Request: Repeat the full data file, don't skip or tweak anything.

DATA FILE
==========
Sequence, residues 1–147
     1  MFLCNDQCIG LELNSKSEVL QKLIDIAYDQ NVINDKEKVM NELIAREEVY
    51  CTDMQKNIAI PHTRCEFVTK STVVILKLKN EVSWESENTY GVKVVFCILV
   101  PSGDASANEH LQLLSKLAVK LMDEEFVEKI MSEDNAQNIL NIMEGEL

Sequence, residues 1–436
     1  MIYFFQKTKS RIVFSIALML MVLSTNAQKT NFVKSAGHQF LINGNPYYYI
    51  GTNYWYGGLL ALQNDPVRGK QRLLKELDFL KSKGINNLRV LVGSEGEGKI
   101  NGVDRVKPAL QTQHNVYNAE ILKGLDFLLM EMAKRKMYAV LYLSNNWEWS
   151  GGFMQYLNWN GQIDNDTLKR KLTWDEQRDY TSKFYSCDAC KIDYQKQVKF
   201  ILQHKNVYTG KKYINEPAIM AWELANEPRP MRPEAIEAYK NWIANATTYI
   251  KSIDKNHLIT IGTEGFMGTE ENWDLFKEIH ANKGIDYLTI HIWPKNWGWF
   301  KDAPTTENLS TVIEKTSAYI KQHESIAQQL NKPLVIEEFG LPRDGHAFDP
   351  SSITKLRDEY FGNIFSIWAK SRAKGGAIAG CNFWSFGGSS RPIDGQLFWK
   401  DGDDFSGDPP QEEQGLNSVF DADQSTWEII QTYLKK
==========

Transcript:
Sequence, residues 1–147
     1  MFLCNDQCIG LELNSKSEVL QKLIDIAYDQ NVINDKEKVM NELIAREEVY
    51  CTDMQKNIAI PHTRCEFVTK STVVILKLKN EVSWESENTY GVKVVFCILV
   101  PSGDASANEH LQLLSKLAVK LMDEEFVEKI MSEDNAQNIL NIMEGEL

Sequence, residues 1–436
     1  MIYFFQKTKS RIVFSIALML MVLSTNAQKT NFVKSAGHQF LINGNPYYYI
    51  GTNYWYGGLL ALQNDPVRGK QRLLKELDFL KSKGINNLRV LVGSEGEGKI
   101  NGVDRVKPAL QTQHNVYNAE ILKGLDFLLM EMAKRKMYAV LYLSNNWEWS
   151  GGFMQYLNWN GQIDNDTLKR KLTWDEQRDY TSKFYSCDAC KIDYQKQVKF
   201  ILQHKNVYTG KKYINEPAIM AWELANEPRP MRPEAIEAYK NWIANATTYI
   251  KSIDKNHLIT IGTEGFMGTE ENWDLFKEIH ANKGIDYLTI HIWPKNWGWF
   301  KDAPTTENLS TVIEKTSAYI KQHESIAQQL NKPLVIEEFG LPRDGHAFDP
   351  SSITKLRDEY FGNIFSIWAK SRAKGGAIAG CNFWSFGGSS RPIDGQLFWK
   401  DGDDFSGDPP QEEQGLNSVF DADQSTWEII QTYLKK